In many parts of California, there are senior residential communities in which members can purchase a townhouse, condo, or single family house (usually in a gated community). Aside from The Villages in San Jose’s Evergreen district, there are only a small handful of such areas in Silicon Valley. (There are 2 condo communities in Los Gatos, one in Menlo Park, and I believe two in South County which are ˜buy ins.)
For the most part, what is available as dedicated senior housing for folks over the age of 55 or 62 (depending on the community) is primarily rental housing. (Additionally, there are some ˜life care facilities which do involve a buy-in or admission cost, but it functions as an insurance policy too, such that if your money runs out, you would not be asked to leave.) There is not a lot of senior real estate to purchase in the San Jose area.
Types of Senior Residential Communities
Of the main types of senior housing available in Santa Clara County, there are three general types of service available. These could be to rent, or to buy and own in life care or other communities.
1- Independent Living
2- Assisted Living
3- Skilled Nursing (sometimes, when temporary, called Rehab)
Independent Living is for healthy, mobile adults. In many cases, its a lot like hotel living, except the senior typically has an apartment or condo (studio to 2 bedroom) and 1 to 3 meals are provided daily. This type of arrangement offers less work (less housekeeping, meal preparation, shopping) and more security, companionship, and transportation (rides to shopping, banking, worship services, medical appointments). No medical care is provided. If help is needed with administering medicines, for instance, this would not be the solution.
The Villages in San Jose is an example of an Independent Living Community. In that case, people can buy houses, townhomes, or condos, but be in a gated community of seniors. More often in San Jose, though, these communities are apartment rentals with meals, housekeeping, outings, and other non-medical services for seniors. A good example would be The Atrium of San Jose, which is in the Blossom Valley neighborhood near Oakridge Mall on Blossom Hill Road.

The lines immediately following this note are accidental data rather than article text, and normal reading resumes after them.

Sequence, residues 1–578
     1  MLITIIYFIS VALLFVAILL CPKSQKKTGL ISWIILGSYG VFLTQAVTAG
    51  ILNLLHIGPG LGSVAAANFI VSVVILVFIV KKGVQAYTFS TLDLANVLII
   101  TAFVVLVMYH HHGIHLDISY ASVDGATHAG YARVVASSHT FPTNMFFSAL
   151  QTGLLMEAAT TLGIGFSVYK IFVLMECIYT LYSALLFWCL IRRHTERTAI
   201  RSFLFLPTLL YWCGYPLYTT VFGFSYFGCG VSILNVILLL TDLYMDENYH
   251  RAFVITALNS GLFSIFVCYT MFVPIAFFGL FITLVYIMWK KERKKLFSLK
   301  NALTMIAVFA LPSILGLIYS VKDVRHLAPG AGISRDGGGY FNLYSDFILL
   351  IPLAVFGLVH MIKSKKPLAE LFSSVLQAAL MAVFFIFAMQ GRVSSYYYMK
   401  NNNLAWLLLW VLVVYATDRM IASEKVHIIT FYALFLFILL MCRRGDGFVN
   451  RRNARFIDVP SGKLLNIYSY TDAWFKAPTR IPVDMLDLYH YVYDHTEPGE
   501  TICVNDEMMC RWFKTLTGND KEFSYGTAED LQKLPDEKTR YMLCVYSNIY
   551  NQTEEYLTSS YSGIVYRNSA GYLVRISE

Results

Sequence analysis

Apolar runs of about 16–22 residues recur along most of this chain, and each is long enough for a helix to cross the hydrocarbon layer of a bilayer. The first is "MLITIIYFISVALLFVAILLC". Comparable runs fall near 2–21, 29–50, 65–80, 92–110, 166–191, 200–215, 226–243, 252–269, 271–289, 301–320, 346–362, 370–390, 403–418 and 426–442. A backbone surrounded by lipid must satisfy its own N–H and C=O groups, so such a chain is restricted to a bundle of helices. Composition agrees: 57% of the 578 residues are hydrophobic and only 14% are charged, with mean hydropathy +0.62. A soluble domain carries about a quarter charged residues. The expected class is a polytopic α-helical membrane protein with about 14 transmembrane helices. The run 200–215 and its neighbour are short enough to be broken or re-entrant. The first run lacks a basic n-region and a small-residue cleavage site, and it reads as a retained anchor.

Who is it for? If the senior you love is lonely, becoming a bit of a recluse, feeling overwhelmed by taking care of a house and meal preparation, this is a great opportunity to make life easier and more fun for him or her. There is always an adjustment period (not infrequently of about 6 months) but in my own personal experience, a lot of people who move to an Independent Living Community come to really love it as they make new friends and have less stress in their lives. It has been great for my family members.
Independednt Living requires the least staff to resident ratio, the least level of care and therefore is the least expensive, generally. There is usually a lease with the non-buy-in places, and a deposit.
What to ask? Ask what the typical annual increases tend to be, and how hard it is to break the lease if the residents health changes etc. Also inquire about the deposit and what medical conditions would warrant the facility asking you or your relative to move out to a higher level of care.
What are the issues? As with other type of rentals, things can change and the senior may not be allowed to stay there even if he or she wishes to. There is definitely a loss of control. The most common reason for needing to leave is declining health and the need to be more dependent on others for help with the daily tasks of living. Those include things like help with bathing, grooming, eating, or remembering to take medicines. When the resident needs assistance at this level, it will warrant a move out of independent living and into assisted living (or nursing, if the needs are more extreme).
Assisted Living offers more help, whether it is related to taking medicines, assistance with mobility, memory impairment, or overall declining health. Folks in Assisted Living tend to be a little older, more frail, more needy overall than those in Independent Living. More of the residents are confused or have some dementia. This is definitely not a golf course community!